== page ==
The stress model of depression

Experts still do not fully understand what causes depression and why it affects some people but not others.

One theory is called the glucocorticoid hypothesis. The body releases glucocorticoids, which include cortisol, when a person feels stressed. In the short term, these hormones help ready the body for an impending crisis.

However, if the stress lasts for a longer time, glucocorticoids can begin to cause harm.

In this way, some scientists believe that chronic stress damages neurons in the hippocampus, which are particularly sensitive. This damage then paves the way for anxiety and depression.

The authors of the current study were particularly interested in understanding whether resveratrol could reverse the damaging effects of stress and how this might work.

In their study, they found that increased levels of corticosterone (the rodent equivalent of cortisol) produced cell lesions in the brain and increased levels of PDE4D — a member of the PDE4 family that scientists believe to be particularly important in cognition and depression.

They also showed that treatment with resveratrol reversed the increase in PDE4D and reduced the number of cell lesions. Resveratrol also prevented the decrease in cAMP.

In engineered mice that could not produce PDE4D, resveratrol boosted cAMP's protective effects even further than in mice with functioning PDE4D.

The authors write that "[t]hese findings provide evidence that the antidepressant- and anxiolytic-like effects of resveratrol are predominantly mediated by PDE4D inhibition."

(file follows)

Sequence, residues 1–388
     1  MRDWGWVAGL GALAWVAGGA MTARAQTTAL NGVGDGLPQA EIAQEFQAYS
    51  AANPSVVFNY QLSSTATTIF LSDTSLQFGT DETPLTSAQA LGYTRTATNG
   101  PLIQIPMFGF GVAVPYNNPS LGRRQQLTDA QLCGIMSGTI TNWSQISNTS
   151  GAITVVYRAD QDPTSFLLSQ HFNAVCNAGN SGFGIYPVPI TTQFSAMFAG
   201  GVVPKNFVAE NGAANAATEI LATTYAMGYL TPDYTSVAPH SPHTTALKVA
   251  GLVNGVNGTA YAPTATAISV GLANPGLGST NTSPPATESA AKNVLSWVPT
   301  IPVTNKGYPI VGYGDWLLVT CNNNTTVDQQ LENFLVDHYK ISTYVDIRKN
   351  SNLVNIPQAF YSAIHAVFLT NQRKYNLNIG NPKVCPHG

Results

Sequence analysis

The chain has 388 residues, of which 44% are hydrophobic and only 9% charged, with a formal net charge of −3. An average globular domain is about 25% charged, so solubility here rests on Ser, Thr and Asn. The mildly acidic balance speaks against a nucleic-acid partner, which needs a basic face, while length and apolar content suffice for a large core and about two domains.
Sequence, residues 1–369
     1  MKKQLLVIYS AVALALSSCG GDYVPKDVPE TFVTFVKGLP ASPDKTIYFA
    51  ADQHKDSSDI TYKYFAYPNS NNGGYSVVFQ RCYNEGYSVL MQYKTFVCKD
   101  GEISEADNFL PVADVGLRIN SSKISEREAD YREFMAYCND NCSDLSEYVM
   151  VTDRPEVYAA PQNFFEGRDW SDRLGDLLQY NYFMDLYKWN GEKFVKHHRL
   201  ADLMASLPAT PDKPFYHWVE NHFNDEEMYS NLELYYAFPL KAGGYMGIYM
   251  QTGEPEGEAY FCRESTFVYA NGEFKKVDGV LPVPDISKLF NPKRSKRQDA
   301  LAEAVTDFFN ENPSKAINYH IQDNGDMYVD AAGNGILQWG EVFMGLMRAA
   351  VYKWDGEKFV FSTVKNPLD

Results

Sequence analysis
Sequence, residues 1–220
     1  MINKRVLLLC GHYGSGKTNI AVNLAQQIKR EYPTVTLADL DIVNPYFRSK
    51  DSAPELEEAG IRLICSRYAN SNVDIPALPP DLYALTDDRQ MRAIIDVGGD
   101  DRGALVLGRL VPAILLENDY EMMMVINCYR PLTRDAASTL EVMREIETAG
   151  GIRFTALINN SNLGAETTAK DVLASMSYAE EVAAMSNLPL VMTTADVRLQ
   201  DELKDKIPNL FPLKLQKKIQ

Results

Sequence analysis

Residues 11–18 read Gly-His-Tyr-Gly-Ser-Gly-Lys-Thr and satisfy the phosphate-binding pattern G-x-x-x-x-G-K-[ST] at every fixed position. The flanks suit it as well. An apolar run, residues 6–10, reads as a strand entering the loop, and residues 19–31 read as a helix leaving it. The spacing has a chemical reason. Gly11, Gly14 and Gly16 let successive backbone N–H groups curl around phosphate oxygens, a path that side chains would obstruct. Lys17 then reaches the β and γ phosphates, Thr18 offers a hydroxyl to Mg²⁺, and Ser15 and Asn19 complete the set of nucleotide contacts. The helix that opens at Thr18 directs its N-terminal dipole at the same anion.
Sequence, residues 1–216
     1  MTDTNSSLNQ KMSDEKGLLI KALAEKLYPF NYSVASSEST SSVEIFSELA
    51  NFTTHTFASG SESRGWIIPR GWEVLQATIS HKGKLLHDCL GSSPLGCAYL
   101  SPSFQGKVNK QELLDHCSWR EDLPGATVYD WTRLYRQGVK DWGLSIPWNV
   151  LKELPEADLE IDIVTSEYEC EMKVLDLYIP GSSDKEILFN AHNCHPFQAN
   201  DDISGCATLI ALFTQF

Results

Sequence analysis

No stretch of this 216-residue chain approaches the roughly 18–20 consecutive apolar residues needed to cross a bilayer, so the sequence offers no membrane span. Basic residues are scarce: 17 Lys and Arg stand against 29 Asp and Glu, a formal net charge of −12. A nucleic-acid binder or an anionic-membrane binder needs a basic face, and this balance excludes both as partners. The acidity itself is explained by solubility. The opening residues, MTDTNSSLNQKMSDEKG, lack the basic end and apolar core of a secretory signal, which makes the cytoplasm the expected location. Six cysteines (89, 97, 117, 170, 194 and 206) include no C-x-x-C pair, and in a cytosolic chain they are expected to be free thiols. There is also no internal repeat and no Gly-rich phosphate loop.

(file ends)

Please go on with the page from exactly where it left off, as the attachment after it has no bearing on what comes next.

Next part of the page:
Only the beginning

These findings provide another small piece of the puzzle. Resveratrol, which appears to reduce anxiety and depression in mice, seems to work by inhibiting PDE4D and activating cAMP signaling.

"Resveratrol may be an effective alternative to drugs for treating patients suffering from depression and anxiety disorders."

Co-lead author Dr. Ying Xu, Ph.D.

Despite Dr. Xu's excitement, there is little evidence of resveratrol's ability to fight depression in humans. Although evidence of its effects in animal models is growing, data from clinical trials are lacking.

Also, extrapolating findings from animal studies to humans can be tricky, never more so than when dealing with mental health conditions. Whether animal models of depression are relevant is a hotly debated topic.

However, any step toward a new understanding of the chemical ins and outs of depression and anxiety is beneficial.

It goes without saying, but drinking red wine will not afford you the theoretical benefits of resveratrol. The compound is present in very low quantities and, of course, the alcohol in wine will negate any benefits.

To conclude, we now know more about the molecular mechanisms underpinning resveratrol's effect on depression and anxiety in mice. We must now await clinical trials to find out whether it can benefit humans too.